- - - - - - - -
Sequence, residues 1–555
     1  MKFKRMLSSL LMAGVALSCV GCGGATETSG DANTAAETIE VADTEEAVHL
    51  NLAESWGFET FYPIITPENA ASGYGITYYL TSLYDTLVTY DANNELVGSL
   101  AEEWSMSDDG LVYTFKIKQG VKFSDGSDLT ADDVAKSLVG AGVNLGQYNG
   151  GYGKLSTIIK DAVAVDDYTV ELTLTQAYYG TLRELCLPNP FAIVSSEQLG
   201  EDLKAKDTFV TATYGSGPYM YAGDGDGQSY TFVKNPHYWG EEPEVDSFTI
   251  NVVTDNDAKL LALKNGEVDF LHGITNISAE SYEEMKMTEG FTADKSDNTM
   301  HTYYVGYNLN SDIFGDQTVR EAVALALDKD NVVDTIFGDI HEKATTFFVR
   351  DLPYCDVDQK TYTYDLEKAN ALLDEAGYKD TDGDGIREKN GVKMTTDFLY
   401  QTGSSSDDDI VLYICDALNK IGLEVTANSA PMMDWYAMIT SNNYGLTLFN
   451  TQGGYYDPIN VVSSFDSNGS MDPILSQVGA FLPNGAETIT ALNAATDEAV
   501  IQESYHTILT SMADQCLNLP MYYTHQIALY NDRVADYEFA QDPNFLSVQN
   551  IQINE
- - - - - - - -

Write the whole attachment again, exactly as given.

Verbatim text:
Sequence, residues 1–555
     1  MKFKRMLSSL LMAGVALSCV GCGGATETSG DANTAAETIE VADTEEAVHL
    51  NLAESWGFET FYPIITPENA ASGYGITYYL TSLYDTLVTY DANNELVGSL
   101  AEEWSMSDDG LVYTFKIKQG VKFSDGSDLT ADDVAKSLVG AGVNLGQYNG
   151  GYGKLSTIIK DAVAVDDYTV ELTLTQAYYG TLRELCLPNP FAIVSSEQLG
   201  EDLKAKDTFV TATYGSGPYM YAGDGDGQSY TFVKNPHYWG EEPEVDSFTI
   251  NVVTDNDAKL LALKNGEVDF LHGITNISAE SYEEMKMTEG FTADKSDNTM
   301  HTYYVGYNLN SDIFGDQTVR EAVALALDKD NVVDTIFGDI HEKATTFFVR
   351  DLPYCDVDQK TYTYDLEKAN ALLDEAGYKD TDGDGIREKN GVKMTTDFLY
   401  QTGSSSDDDI VLYICDALNK IGLEVTANSA PMMDWYAMIT SNNYGLTLFN
   451  TQGGYYDPIN VVSSFDSNGS MDPILSQVGA FLPNGAETIT ALNAATDEAV
   501  IQESYHTILT SMADQCLNLP MYYTHQIALY NDRVADYEFA QDPNFLSVQN
   551  IQINE